Alright, to review where we've been with this series of 5 talks about the biology of cancer.
So how a good cell goes bad? You have DNA damage because of environmental or other
reasons and hopefully that repairs. But if it doesn't repair, that failure of DNA repair
because either the mechanisms to repair are abnormal or we just have so much damage
that we can't actually repair it, we have mutations in the genome of somatic cells. That
mutation will lead to the activation of growth promoting oncogenes or the inactivation of
tumor suppressor genes or alterations in genes that regulate apoptosis. We'll get
unregulated cell proliferation and decreased cell death which will give us a clonal expansion.
In the next series of talk, we are going to revisit these additional topics; angiogenesis,
a escape from immunity, tumor progression, malignant neoplasm, all the things that will
eventually get us to invasion and metastasis. So that's the next series. Just as big picture
points in biology and when we think about cancer, cancer is fundamentally a genetic disease.
It happens because of non-lethal genetic damage. If the genetic damage and the breaks
and all those errors were lethal, the cells would kill themselves. So this means it's just the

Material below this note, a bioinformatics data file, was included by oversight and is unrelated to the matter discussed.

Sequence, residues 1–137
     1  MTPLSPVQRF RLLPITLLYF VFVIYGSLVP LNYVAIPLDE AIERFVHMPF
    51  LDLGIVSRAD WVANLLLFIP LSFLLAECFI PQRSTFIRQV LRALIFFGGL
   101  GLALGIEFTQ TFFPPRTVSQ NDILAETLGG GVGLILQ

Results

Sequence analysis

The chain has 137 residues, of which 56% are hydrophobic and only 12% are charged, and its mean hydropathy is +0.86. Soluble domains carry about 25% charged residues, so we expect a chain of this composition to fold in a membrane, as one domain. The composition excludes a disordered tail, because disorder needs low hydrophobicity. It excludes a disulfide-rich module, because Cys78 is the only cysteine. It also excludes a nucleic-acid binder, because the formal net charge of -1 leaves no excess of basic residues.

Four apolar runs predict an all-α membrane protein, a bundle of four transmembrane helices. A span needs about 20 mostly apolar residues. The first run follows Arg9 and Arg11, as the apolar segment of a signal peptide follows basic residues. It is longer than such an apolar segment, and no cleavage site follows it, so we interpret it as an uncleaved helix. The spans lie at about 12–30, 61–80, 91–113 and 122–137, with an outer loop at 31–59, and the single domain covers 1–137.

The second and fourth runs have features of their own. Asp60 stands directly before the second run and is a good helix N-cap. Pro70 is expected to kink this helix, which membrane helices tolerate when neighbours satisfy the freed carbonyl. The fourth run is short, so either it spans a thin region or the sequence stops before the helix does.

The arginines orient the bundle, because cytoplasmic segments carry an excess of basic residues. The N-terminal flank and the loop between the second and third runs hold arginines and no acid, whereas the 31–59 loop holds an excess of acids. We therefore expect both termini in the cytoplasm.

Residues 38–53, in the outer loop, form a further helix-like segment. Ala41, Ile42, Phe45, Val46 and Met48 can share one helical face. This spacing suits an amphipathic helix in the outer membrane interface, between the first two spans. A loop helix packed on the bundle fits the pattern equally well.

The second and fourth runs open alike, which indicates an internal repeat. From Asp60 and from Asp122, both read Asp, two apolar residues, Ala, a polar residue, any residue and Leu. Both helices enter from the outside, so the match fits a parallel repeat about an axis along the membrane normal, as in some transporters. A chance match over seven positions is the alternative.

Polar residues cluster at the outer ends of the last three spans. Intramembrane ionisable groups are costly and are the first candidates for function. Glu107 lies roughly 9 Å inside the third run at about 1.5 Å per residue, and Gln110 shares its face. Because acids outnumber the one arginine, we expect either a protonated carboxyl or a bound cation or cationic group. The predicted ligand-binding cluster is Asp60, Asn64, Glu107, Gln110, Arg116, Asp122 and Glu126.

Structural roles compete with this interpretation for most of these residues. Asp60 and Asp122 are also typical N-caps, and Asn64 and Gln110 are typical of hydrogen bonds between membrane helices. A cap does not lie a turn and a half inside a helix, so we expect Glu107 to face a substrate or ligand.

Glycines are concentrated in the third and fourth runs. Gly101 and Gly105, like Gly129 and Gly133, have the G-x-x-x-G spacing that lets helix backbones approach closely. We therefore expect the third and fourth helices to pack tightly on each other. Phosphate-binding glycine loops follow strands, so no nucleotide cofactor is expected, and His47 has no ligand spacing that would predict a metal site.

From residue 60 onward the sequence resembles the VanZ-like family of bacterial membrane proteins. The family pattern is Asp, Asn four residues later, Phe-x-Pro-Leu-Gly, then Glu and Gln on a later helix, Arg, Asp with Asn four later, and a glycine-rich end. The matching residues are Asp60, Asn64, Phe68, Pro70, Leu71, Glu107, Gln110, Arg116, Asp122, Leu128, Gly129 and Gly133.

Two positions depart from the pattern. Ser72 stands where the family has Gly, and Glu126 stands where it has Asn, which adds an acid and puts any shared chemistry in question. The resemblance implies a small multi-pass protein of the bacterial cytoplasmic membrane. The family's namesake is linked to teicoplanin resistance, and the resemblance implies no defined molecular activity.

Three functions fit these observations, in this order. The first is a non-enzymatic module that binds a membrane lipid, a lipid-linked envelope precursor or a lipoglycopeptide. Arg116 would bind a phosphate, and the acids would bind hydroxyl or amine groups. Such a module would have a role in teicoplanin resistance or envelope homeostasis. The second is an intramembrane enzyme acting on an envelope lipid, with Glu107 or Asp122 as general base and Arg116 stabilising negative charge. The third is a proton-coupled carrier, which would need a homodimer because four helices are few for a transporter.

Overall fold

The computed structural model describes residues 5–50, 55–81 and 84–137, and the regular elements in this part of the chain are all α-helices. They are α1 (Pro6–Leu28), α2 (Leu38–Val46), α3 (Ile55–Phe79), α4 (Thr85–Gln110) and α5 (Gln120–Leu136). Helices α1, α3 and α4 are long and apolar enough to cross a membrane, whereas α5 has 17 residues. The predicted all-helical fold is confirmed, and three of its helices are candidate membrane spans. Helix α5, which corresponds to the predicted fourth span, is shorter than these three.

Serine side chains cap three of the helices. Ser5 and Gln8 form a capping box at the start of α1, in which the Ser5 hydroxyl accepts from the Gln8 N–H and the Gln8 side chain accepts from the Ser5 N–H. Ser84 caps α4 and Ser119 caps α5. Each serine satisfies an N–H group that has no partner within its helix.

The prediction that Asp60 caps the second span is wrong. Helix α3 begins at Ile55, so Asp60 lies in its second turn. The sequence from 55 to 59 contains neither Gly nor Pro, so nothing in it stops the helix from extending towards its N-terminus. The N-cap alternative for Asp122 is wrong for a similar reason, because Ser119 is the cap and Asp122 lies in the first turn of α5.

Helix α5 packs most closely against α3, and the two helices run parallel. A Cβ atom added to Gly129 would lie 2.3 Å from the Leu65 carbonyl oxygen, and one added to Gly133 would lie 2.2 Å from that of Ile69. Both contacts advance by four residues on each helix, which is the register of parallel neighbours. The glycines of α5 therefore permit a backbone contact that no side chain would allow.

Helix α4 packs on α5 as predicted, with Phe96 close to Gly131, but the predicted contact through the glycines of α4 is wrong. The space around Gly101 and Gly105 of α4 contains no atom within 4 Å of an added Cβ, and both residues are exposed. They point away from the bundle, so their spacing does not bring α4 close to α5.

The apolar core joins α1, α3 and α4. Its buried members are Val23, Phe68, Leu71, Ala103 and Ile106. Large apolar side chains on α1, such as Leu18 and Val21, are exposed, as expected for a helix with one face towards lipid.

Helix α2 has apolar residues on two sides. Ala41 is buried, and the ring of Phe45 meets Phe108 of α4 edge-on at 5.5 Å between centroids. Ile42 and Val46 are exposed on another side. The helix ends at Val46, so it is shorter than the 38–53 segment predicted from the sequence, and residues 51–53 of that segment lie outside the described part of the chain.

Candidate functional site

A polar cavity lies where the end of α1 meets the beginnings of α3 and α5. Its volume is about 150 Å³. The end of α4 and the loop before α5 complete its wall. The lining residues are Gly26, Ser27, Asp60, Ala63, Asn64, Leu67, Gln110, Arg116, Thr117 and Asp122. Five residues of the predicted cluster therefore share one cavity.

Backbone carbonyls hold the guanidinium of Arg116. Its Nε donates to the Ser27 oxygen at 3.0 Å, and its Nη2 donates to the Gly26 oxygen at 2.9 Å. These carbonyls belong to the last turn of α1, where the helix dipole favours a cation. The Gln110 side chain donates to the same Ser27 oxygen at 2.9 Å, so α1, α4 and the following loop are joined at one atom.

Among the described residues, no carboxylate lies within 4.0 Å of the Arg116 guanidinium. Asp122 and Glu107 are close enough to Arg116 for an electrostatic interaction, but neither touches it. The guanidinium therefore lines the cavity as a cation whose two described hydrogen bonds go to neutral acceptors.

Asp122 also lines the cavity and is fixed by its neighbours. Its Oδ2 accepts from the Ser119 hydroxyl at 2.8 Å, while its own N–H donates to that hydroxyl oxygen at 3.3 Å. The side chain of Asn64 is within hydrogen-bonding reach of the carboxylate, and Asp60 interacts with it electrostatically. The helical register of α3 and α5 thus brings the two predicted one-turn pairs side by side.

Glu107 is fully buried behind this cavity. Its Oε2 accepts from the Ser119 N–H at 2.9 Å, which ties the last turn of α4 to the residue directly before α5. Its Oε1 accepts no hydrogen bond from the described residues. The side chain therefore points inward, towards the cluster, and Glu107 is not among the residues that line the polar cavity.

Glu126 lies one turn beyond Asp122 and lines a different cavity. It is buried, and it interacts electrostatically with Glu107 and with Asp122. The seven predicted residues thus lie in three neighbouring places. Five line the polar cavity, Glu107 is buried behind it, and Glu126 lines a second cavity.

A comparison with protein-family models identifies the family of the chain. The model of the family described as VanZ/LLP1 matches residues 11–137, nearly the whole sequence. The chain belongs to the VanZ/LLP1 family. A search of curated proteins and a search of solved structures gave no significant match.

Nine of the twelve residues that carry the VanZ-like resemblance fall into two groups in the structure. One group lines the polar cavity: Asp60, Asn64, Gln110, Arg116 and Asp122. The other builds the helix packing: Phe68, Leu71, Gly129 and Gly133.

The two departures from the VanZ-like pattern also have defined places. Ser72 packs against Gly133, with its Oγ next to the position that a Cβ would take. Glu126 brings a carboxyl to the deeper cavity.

right amount of genetic mutation without having the capacity to be lethal. There are 6
general classes of genes that we need to think about that are involved when we're talking
about malignancy. One are the oncogenes. So these are going to be the accelerator. If we
have too much acceleration, then we're going to have too much growth. Loss of tumor
suppressor genes. So we've taken our foot off the break, we don't have enough breaking
so we can't inhibit the process. And remember those are things like p53 and RB. The DNA
repair genes. So those are going to be very important in terms of preventing mutations
that occur when we have genetic damage. We want to have to feel safe. If cells are so bad,
we want them to kill themselves rather than to continue to grow and so in cancer loss
of apoptotic genes such as overexpression of BCL2 or loss of BAX and BAK are going to lead
to increased cellular proliferation, uncontrolled. The telomerase gene needs to be
reactivated to prevent replicative senescence. And finally, micro RNAs depending on
whether they are acting on proto-oncogenes or they're acting on tumor suppressor genes
or whatever can have all the effects of the other 5 bullet points. Final big picture concepts.
There is a clonal expansion of some damaged precursor cell. Many of the pathways that are
shown above will be affected. It is a multistep process in most cases. There are exceptions
where a single driver mutation is enough to drive malignancy, but that tends to be the
exception rather than the rule. Within any given tumor, bullet point number 2, there is
significant heterogeneity. It is not a uniform mass of cells and whether some of those cells
have metastatic potential or some of those cells have inability to grow with less amount
of growth factors or whether some of those cells have stem-like properties, it is a basically
heterogenous population of cells. And then cancer stem cells are an important concept
regardless of how they may be derived because they can initiate and sustain the tumor.
And with that, we've covered a lot of oncology. If you got this, you understand cancer
really really well.